AN ECOLOGICAL STUDY OF BEDOUIN ELEMENTARY SCHOOL EDUCATION IN HAIL PROVINCE: SAUDI ARABIA (CULTURAL ECOLOGY).
AuthorAL-EISA, ABDULAZIZ AHMED.
KeywordsBedouins -- Education (Elementary)
Bedouins -- Social life and customs.
Saudi Arabia -- Social conditions.
Human ecology -- Saudi Arabia.
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PublisherThe University of Arizona.
RightsCopyright © is held by the author. Digital access to this material is made possible by the University Libraries, University of Arizona. Further transmission, reproduction or presentation (such as public display or performance) of protected items is prohibited except with permission of the author.
AbstractThe purpose of this study was to ascertain the relationship of formal elementary education to the social, cultural, economic and physical environment of the Bedouin in Hail Province, Saudi Arabia. Saudi Arabia has modernized rapidly, but the Bedouin have remained isolated from the urban changes. A total of 240 Bedouin elders were interviewed in group meetings in the Bedouin camps. Eight teachers who taught hygiene, history, geography, mathematics, and reading and forty students selected by the use of random tables were interviewed at Al Zahra elementary school in Mawqiq village which was near the Bedouin camps. The researcher designed a set of questions to find cultural characteristics of the tribe as well as attitudes toward education and the value of formal education to the Bedouin either in their nomadic existence or in the village. A cultural ecology approach was used in analyzing the data. Much of the information obtained through fieldwork was not available from other sources at this time. The researcher observed the social environment, analyzed school textbooks, and reviewed current literature on the subject of Bedouin education. The Bedouin environment was found to be a harsh desert setting, but the Bedouin had a long and proud history. Neither local geography nor history of the Bedouin was included in the school curriculum. Textbooks did not include Bedouin culture, and teachers did not encourage discussion or applications of learning to the Bedouin students. It was discovered that the Bedouin had not changed as much as the rest of the country, and were in need of special educational programs in order to enable them to fit into the modern world of Saudi Arabia whether they stayed in the desert or went to find jobs in the city. Using a cultural ecological perspective, it was found that the school was not integrated into other features of Bedouin society. The information developed by this study can be used by other researchers to enable them to plan programs especially for the Bedouin children in school, to write new textbooks, to train teachers to work with Bedouin students, and, in general, to understand and appreciate the Bedouin culture as it exists today and has existed for many centuries.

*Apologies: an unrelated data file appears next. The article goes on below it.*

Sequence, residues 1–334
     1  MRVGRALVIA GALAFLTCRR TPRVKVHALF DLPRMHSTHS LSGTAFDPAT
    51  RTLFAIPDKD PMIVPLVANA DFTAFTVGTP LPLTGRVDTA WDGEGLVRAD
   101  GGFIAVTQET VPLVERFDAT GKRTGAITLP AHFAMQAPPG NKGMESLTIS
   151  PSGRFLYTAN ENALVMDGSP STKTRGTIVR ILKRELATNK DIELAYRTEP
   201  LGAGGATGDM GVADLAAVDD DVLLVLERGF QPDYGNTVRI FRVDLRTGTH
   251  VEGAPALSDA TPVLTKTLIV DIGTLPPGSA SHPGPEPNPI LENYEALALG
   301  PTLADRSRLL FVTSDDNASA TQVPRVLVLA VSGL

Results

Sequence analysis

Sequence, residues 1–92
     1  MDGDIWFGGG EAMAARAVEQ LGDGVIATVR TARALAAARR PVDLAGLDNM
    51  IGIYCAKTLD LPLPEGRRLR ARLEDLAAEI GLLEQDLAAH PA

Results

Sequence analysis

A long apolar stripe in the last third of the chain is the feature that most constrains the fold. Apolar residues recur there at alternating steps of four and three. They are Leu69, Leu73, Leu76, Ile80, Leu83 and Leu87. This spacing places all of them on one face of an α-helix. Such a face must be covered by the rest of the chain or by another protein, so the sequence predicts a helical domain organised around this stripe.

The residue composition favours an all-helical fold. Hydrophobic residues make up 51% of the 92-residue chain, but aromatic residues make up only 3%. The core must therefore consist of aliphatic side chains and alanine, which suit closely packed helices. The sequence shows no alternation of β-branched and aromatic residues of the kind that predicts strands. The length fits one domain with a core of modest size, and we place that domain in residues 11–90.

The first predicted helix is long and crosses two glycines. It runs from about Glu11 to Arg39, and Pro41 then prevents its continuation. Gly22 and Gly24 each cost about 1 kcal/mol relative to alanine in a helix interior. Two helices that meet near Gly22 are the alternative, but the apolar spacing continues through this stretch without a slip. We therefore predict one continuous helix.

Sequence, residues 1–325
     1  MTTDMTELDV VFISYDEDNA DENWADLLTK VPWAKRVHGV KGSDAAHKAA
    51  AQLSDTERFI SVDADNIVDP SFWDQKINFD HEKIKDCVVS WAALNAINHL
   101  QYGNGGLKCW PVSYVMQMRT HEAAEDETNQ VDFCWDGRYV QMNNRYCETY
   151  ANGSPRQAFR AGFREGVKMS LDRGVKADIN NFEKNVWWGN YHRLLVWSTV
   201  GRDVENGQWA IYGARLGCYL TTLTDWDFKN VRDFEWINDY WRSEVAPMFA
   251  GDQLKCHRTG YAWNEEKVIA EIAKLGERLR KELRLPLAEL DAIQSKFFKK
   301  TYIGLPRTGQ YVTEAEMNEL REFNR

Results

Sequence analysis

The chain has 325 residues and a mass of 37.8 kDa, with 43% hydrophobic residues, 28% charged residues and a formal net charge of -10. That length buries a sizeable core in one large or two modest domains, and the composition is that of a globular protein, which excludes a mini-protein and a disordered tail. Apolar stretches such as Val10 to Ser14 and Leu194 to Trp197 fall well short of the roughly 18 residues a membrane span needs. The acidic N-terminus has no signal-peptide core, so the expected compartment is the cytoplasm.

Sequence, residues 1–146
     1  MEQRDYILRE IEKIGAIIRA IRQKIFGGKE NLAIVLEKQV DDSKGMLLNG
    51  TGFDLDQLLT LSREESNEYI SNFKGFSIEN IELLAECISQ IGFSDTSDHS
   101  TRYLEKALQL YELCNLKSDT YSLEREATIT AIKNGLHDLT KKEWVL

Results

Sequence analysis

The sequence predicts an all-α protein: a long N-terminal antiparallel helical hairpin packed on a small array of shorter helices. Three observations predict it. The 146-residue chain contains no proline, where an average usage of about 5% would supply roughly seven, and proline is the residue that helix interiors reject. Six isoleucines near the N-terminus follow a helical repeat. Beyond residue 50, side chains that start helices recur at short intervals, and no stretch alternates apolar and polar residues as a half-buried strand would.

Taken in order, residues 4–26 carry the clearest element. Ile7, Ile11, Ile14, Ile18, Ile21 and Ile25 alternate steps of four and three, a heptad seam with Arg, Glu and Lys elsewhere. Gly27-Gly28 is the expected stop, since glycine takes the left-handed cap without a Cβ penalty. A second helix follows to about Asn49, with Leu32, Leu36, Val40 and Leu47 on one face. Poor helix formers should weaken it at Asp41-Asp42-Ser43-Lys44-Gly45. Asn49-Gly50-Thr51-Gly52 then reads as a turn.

Degree ProgramEducational Foundations and Administration